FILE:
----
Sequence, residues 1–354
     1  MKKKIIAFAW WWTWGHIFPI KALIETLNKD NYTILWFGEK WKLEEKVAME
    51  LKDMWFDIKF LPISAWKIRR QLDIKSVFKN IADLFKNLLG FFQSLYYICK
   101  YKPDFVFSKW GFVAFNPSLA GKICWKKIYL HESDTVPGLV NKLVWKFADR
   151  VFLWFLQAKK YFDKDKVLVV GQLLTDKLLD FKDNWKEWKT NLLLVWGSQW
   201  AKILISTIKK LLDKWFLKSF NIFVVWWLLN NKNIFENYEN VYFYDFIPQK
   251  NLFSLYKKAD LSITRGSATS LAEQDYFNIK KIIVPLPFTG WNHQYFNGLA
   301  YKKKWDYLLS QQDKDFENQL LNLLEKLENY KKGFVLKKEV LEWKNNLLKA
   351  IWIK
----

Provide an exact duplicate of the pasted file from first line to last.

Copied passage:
Sequence, residues 1–354
     1  MKKKIIAFAW WWTWGHIFPI KALIETLNKD NYTILWFGEK WKLEEKVAME
    51  LKDMWFDIKF LPISAWKIRR QLDIKSVFKN IADLFKNLLG FFQSLYYICK
   101  YKPDFVFSKW GFVAFNPSLA GKICWKKIYL HESDTVPGLV NKLVWKFADR
   151  VFLWFLQAKK YFDKDKVLVV GQLLTDKLLD FKDNWKEWKT NLLLVWGSQW
   201  AKILISTIKK LLDKWFLKSF NIFVVWWLLN NKNIFENYEN VYFYDFIPQK
   251  NLFSLYKKAD LSITRGSATS LAEQDYFNIK KIIVPLPFTG WNHQYFNGLA
   301  YKKKWDYLLS QQDKDFENQL LNLLEKLENY KKGFVLKKEV LEWKNNLLKA
   351  IWIK